Platinum and palladium have come to be classified as precious metals, due to their high price per ounce. Silver and platinum are used in catalytic reactions, whether this is in catalytic converters in cars or large, industrial scrubbers. Palladium is a rare metal used in catalytic converters and water treatment processes.

Precious metals should never make up more than 10% of your portfolio or total investments. This rule ensures that you are properly diversified and don’t risk your savings or investment cash flow from volatility in the precious metals market or government confiscation of your holdings.

One caveat of investing in precious metals is the risk of theft, if stored at home, and of confiscation, if held in a bank.

It may be better to invest in gold and silver mining companies and exchange traded funds that focus on this sector for better returns.

Solution 3: Take control of your IRA and invest where there is growth.

It is not necessary to own rental properties outright. You can take control of your IRA and dump poor performing stocks in favor of shares in Real Estate Investment Trusts. Real Estate Investment Trusts or REITs are tradable on the open market but hold shares of an investment company that owns real estate.

Some REITs specialize in apartment buildings, others in commercial properties like malls while a few specialize in medical facilities. When you invest in REITs, you are investing in income producing properties without having to own them or manage them. Real Estate Investment Trusts are required by law to distribute 90% of all profits to shareholders as dividends. While it is less than the 100% you would receive as the property owner, you gain liquidity through the ability to sell shares.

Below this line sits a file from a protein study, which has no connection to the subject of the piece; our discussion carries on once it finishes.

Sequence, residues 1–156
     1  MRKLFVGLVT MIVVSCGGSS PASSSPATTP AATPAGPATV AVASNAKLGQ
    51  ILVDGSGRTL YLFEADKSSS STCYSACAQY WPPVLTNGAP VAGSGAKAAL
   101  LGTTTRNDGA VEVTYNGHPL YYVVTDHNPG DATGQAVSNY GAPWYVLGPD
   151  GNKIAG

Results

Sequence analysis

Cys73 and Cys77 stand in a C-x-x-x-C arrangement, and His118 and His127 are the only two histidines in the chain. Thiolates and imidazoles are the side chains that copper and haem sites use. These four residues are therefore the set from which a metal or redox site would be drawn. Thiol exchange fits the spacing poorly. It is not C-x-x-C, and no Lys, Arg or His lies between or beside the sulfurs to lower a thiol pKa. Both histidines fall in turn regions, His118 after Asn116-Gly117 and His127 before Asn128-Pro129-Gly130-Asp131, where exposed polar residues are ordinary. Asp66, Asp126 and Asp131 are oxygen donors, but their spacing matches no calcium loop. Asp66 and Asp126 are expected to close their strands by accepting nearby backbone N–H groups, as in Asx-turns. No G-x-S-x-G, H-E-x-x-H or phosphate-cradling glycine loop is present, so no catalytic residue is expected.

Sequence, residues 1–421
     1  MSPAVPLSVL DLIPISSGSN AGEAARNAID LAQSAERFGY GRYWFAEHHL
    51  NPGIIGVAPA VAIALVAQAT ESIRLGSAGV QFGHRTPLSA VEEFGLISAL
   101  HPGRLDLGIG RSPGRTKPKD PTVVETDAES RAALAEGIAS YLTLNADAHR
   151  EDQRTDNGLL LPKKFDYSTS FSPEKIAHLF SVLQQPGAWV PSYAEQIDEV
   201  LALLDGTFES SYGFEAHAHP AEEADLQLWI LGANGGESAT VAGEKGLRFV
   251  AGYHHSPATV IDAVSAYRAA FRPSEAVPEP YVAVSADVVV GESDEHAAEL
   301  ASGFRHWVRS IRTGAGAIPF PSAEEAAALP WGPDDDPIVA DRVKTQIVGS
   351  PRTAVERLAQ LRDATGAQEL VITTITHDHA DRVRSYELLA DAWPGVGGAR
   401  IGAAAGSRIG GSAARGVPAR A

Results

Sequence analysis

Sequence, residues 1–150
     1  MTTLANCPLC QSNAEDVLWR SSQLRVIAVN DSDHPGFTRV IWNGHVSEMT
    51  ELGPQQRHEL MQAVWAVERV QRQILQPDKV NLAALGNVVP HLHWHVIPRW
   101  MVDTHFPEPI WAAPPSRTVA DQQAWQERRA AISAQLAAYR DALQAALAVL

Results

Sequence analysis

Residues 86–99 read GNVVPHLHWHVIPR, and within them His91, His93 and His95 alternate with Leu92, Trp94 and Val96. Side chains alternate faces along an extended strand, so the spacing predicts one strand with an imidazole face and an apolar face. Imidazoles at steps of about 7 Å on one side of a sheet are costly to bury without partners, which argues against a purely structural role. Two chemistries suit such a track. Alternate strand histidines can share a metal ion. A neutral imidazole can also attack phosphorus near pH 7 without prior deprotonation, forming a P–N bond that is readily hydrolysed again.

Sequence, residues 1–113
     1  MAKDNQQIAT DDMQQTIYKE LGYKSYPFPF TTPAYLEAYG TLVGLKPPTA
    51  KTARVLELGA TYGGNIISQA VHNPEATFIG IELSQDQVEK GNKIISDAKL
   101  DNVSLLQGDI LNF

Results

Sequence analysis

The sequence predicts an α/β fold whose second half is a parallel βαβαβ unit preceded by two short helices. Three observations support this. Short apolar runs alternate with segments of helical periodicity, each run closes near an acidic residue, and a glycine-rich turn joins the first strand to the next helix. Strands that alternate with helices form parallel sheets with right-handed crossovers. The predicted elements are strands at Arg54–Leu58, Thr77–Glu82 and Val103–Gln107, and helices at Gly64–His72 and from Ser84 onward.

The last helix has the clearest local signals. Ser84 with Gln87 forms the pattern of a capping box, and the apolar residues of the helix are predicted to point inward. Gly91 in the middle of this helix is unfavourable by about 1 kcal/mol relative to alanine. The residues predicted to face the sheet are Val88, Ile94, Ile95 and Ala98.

If you do not want to invest in REITs, you can buy precious metal shares instead. You can buy gold and silver stocks instead of owning the precious metals outright. Or you could invest in mining companies, ore processing firms or real estate companies that buy and develop mining sites. However, a REIT generates a steady stream of income over time in addition to appreciation, and it is far more liquid than trying to sell a gold bar.

Solution 4: Retain cash - in various forms.

Retain about 10% to 30% of your net worth in cash. The percentage of money held in a savings account should increase with your age, since you are more likely to need it for medical bills or living expenses.

This does not mean that all of your money needs to sit in a mattress. Some of this cash should sit in a liquid form, such as a savings account at a nearby bank or credit union. Some of the money should sit in a money market account, a higher interest rate investment than a savings account.

You can choose to diversify these cash holdings by having money in bank accounts overseas, where the money is held in a different currency, or use precious metal coins that retain their value over time and are easily convertible into cash.